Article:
It’s truly disappointing to have to relay this news here, because there are few things more fun to speculate about than a sports-related conspiracy theory.

But, as with most conspiracy theories, the truth ends up being somewhat disappointing. If you missed it, the White Sox and Dodgers played a very eventful game last week, with a horribly blown strike call coming before Tony La Russa’s indefensible decision to intentionally walk a batter with two strikes, which led directly into a Max Muncy homer.

Viewers hoping to relive the sequence (or perhaps DVR it for posterity) noticed that on the NBC Chicago replay later that night, the relevant moments of hilarity were missing. It wasn’t too big of a stretch to assume that the White Sox had that sequence cut from the replay out of embarrassment or, perhaps, even on the orders of La Russa himself. (Though that would require Tony La Russa to be a lot more aware of, well, anything than he seems capable of at this point in time.)

Here’s what our Joe Lucia wrote then on the decision:

Viewing the replay of the game, we also confirmed that the missed call incident in the second inning was cut. However, both halves of the scoreless second also fell by the wayside, so it was less glaring.

I get it. The game yesterday went 4:13, and aired in a three-hour window on Friday. Some parts had to be cut. But the top of the sixth inning was a pivotal part of the game – the Dodgers scored four runs to put the game completely out of reach. The cut is even more glaring when you realize that the entire top of the sixth wasn’t cut – the broadcast came back for Reynaldo Lopez’s inning ending strikeout of Will Smith!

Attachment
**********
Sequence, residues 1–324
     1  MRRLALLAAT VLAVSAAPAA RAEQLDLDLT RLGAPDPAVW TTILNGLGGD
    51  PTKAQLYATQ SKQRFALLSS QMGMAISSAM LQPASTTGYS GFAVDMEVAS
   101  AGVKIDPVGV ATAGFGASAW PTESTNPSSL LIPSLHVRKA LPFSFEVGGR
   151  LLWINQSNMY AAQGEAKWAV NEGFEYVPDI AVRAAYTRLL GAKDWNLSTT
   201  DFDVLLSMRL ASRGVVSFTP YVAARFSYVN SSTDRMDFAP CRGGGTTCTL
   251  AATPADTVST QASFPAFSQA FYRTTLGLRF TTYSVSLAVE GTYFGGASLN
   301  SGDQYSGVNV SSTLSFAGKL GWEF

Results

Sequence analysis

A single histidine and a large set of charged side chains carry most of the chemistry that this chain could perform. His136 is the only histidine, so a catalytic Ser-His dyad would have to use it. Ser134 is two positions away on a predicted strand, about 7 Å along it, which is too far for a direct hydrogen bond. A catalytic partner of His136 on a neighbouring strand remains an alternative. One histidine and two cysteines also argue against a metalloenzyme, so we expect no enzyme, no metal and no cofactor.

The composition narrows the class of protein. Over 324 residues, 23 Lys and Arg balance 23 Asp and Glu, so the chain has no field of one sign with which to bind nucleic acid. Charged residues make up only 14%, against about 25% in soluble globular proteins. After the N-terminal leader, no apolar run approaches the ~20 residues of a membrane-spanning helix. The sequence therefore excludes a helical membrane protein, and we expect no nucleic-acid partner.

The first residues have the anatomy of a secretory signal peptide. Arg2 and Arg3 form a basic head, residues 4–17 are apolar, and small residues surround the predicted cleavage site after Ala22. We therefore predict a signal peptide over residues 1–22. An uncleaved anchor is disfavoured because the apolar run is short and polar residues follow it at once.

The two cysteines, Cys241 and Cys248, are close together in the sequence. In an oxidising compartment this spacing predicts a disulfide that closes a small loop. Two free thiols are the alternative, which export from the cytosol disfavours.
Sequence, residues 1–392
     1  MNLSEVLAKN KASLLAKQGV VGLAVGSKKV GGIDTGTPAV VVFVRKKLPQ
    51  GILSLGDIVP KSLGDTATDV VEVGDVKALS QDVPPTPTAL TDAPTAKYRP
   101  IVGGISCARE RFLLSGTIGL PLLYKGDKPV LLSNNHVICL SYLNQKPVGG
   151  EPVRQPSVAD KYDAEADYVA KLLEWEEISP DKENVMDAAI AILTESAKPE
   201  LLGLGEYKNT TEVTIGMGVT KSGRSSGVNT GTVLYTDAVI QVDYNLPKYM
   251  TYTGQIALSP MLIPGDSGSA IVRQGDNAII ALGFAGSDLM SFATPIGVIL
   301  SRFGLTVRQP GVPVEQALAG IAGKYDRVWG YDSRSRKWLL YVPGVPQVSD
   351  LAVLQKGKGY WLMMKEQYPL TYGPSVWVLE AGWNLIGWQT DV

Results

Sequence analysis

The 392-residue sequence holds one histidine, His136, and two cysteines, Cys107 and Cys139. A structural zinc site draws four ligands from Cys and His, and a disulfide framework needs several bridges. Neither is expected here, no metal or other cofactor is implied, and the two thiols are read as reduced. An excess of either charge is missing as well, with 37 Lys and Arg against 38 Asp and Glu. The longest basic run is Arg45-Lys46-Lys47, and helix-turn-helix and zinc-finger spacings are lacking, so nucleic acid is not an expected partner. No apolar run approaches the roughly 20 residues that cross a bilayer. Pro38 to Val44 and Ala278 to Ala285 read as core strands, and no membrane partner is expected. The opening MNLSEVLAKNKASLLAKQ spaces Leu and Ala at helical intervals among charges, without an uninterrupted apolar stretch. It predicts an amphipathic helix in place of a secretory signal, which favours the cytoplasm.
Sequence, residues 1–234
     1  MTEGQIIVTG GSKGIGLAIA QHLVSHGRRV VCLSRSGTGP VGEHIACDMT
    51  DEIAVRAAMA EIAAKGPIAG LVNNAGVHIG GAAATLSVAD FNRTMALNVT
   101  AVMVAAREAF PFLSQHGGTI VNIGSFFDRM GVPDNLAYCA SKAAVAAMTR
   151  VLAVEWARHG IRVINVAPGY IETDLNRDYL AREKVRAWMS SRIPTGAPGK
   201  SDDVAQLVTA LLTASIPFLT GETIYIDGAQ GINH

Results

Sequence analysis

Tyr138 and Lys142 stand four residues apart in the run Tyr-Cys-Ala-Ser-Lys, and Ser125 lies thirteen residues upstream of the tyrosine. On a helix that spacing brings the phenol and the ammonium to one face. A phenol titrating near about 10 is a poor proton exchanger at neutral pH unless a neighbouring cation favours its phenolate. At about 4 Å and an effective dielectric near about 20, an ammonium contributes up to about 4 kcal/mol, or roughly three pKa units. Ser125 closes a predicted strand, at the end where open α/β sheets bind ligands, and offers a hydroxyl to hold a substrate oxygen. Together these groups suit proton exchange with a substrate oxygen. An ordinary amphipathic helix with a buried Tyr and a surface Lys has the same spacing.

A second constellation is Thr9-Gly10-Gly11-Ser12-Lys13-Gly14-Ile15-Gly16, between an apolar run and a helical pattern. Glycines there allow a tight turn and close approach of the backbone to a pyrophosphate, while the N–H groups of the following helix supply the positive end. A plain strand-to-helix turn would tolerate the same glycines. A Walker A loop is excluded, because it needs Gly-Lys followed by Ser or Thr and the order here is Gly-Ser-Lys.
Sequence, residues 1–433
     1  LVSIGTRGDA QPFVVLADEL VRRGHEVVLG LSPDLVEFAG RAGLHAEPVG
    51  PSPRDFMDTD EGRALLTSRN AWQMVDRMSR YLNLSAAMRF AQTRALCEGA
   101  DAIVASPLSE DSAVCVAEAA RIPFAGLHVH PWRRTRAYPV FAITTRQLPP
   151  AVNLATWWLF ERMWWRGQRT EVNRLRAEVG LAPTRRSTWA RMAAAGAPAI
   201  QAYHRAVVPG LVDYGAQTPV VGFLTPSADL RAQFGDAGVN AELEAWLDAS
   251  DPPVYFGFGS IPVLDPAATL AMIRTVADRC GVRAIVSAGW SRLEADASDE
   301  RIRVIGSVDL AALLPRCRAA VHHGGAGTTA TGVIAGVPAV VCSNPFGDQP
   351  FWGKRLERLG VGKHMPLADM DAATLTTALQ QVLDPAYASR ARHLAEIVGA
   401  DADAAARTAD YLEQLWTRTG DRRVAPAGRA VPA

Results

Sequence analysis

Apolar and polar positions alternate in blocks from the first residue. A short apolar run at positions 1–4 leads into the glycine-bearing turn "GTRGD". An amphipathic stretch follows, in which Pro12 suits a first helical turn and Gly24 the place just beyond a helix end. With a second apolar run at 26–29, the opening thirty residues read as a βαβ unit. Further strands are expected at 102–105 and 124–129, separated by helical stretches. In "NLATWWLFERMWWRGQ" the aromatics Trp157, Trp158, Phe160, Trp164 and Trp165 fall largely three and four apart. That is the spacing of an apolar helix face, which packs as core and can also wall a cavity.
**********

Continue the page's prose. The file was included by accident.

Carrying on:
I’m not going to sit here and claim that NBC Sports Chicago was trying to protect La Russa or the team, but it sure was weird for them to cut out that significant part of the game.

Today, Sun-Times scribe Jeff Agrest reported that the decision to cut the aforementioned newsworthy moments came not from anyone affiliated with the team or NBC Chicago, but instead with the outside vendor contracted to cut games down to fit into a replay broadcast window.

Agrest noted that the network has a history of not going out of their way to protect the team (which I can anecdotally confirm, as a neutral observer having spent most of my life in the greater Chicago media market):

So no coverup. That’s unfortunate, as it would have been hilarious. As with most things it’s more just a simple mistake, albeit one that should have been avoided. Some of Agrest’s replies remain convinced it was a setup, but let’s be honest: people have been complaining about the editorial choices on game replays for a long time now. It was old enough to be something I remember Bill Simmons bemoaning (which means it dates back to an era in which Bill Simmons regularly wrote things and, even further, back to when I regularly read what he wrote.)

Spare a thought for the vendor editor, though. It’s not like they have the ability to spend hours going through the entirety of a game and crafting a satisfying narrative arc. Yes, there was enough action that inning to warrant its inclusion, but let’s be honest, it was also a Dodgers-White Sox weekday game in early June. The odds of anyone being rabidly interested in watching a replay for that had to be low, and it’s not like this was the only thing that editor was trying to get done that day.

Fortunately for anyone looking for other ways to bash the White Sox going forward, Tony La Russa is still the manager. You won’t be lacking in material.

About Jay Rigdon

Jay is a writer and editor for The Comeback, and a contributor at Awful Announcing. He is not a strong swimmer.